Breaking Down In Electric Vehicles: What You Need To Know
The sales figures for electric vehicles are at an all time high in the UK. But what happens when they break down and what should fleets bear in mind?
New Vehicles, New Problems
Most drivers will, at some point in their lives, breakdown. It’s never a pleasant experience and can be caused by all sorts of technical problems. Electric vehicles, like their ICE equivalents, aren’t immune to breaking down; but when they do, a different approach is usually required. It’s so different, in fact, that breakdown recovery companies are having to invest substantial sums in training and equipment for their response units. According to early evidence, electric motors are largely reliable; but the parts centred around them are prone to failure. Gear levers can refuse to move, plug flaps get jammed and cables sometimes refuse to connect or disconnect. Naturally, they can face the same problems as diesels and petrols, too; including punctured tyres and flat batteries.
Koen Snoeys, B2B manager at VAB (a Belgian roadside recovery company), stressed the confusion caused by batteries alone. He said, “We have to support two types of battery problems, one with the big traction battery. The other with the 12-volt battery you would find in an internal combustion engine. If the 12-volt battery is flat or broken it’s impossible to start the vehicle, even if the big battery unit is fully charged”. He added, “we see a lot of people who do not really know if they have turned off their car or just stopped, because the motor makes no noise. Sometimes the 12-volt battery is still working”.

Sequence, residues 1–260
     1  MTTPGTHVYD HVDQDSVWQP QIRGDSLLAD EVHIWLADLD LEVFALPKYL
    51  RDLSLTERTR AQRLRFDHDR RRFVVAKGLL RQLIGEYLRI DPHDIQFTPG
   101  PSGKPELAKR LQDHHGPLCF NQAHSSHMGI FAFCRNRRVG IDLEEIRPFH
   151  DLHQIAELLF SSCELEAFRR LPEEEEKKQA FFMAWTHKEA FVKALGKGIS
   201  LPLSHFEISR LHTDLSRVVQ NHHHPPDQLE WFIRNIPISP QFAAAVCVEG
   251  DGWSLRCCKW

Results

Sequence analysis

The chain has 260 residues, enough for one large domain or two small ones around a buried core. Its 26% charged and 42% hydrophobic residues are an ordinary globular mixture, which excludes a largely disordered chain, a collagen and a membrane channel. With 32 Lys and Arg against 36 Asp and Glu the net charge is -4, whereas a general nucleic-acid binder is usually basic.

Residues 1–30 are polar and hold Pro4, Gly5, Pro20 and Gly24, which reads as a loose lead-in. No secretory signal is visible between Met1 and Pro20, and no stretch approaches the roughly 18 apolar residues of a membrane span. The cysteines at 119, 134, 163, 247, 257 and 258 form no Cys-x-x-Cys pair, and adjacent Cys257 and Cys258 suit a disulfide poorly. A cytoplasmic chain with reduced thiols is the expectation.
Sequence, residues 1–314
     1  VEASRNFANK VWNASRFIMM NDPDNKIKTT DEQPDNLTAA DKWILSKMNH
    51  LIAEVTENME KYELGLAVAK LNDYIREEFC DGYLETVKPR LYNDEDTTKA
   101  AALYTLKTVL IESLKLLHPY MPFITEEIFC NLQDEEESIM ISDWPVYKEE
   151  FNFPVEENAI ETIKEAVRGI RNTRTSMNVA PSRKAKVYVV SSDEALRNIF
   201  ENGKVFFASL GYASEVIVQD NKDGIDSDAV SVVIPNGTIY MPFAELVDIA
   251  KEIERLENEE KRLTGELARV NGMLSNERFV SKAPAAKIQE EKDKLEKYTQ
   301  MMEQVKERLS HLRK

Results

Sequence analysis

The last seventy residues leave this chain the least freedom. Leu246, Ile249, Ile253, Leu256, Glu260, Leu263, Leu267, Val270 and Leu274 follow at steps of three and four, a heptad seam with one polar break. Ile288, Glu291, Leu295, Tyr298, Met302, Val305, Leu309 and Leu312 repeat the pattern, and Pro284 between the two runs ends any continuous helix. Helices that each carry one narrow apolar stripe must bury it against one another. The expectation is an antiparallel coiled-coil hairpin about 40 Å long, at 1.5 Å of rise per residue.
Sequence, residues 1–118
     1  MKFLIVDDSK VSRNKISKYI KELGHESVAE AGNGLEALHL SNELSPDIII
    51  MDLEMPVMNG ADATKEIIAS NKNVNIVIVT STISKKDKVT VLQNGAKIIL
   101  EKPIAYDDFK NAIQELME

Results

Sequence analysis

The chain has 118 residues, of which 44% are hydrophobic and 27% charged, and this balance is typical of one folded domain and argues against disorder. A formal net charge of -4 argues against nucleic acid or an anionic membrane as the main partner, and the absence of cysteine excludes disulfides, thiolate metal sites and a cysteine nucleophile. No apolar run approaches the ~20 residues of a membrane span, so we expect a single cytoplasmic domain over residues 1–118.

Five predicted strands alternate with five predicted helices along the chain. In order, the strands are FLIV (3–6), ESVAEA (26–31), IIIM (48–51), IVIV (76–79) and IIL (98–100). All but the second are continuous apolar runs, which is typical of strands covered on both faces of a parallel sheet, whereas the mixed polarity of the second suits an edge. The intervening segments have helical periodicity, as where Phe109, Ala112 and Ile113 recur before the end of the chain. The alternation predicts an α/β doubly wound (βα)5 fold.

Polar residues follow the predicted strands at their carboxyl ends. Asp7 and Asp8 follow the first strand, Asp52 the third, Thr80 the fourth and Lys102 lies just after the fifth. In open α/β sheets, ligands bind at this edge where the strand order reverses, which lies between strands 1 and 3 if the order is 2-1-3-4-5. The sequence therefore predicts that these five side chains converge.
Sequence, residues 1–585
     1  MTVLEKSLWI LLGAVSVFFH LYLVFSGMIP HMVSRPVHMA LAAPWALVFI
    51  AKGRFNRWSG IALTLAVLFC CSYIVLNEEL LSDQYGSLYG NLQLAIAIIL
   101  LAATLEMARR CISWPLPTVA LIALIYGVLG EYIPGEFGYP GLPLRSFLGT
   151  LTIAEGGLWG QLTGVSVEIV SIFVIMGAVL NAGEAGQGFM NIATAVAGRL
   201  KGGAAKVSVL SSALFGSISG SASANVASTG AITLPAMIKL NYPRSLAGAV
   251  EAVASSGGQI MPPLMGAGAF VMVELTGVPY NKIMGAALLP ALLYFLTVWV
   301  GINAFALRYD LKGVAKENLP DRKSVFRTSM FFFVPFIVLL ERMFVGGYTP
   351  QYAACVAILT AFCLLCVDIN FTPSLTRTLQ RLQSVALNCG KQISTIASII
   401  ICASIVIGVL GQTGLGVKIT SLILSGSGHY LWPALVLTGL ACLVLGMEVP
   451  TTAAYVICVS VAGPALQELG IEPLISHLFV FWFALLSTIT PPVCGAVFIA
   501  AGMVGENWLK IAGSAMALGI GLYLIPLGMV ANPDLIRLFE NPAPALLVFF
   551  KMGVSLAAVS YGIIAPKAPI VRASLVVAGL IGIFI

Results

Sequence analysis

…And New Dangers
Carrying out repair work and maintenance on electric vehicles naturally poses the risk of electrocution; they have much more powerful voltages coursing through them than their ICE equivalents. As a result, technicians need to undergo thorough safety training in how to isolate battery units; no small feat, given that this can vary between models and manufacturers. There are also unique challenges with towing. Most contemporary EVs are both automatics and four-wheels drives. For example the Nissan Leaf’s manual advises, “never tow with the front wheels on the ground or four wheels on the ground (forward or backward), as this may cause serious and expensive damage to the motor”. Instead, it suggests placing the vehicle on a truck’s flatbed.
There are also charging considerations. Some response companies, like the RAC, have installed some of their patrol vehicles with charging capabilities; this allows them to charge stranded vehicles; at least sufficiently to get to safety. But this is time-consuming, so most instead elect to transport the vehicle to proper charging infrastructure. This reduces downtime, gets stranded motorists away from speeding vehicles and allows response patrols to operate elsewhere. That said, VAB hasn’t responded to many flat batteries; perhaps because many EV drivers are knowledgeable early-adopters.
Fleets Responsible For Two-Thirds Of All EV Orders – https://www.autoservefleet.co.uk/latest-news/fleets-responsible-for-two-thirds-of-all-ev-orders/
Europe’s Electric Car Targets Are ‘Far Removed From Today’s Reality’ – https://autoserve.co.uk/motoring-news/europes-electric-car-targets-are-far-removed-from-todays-reality/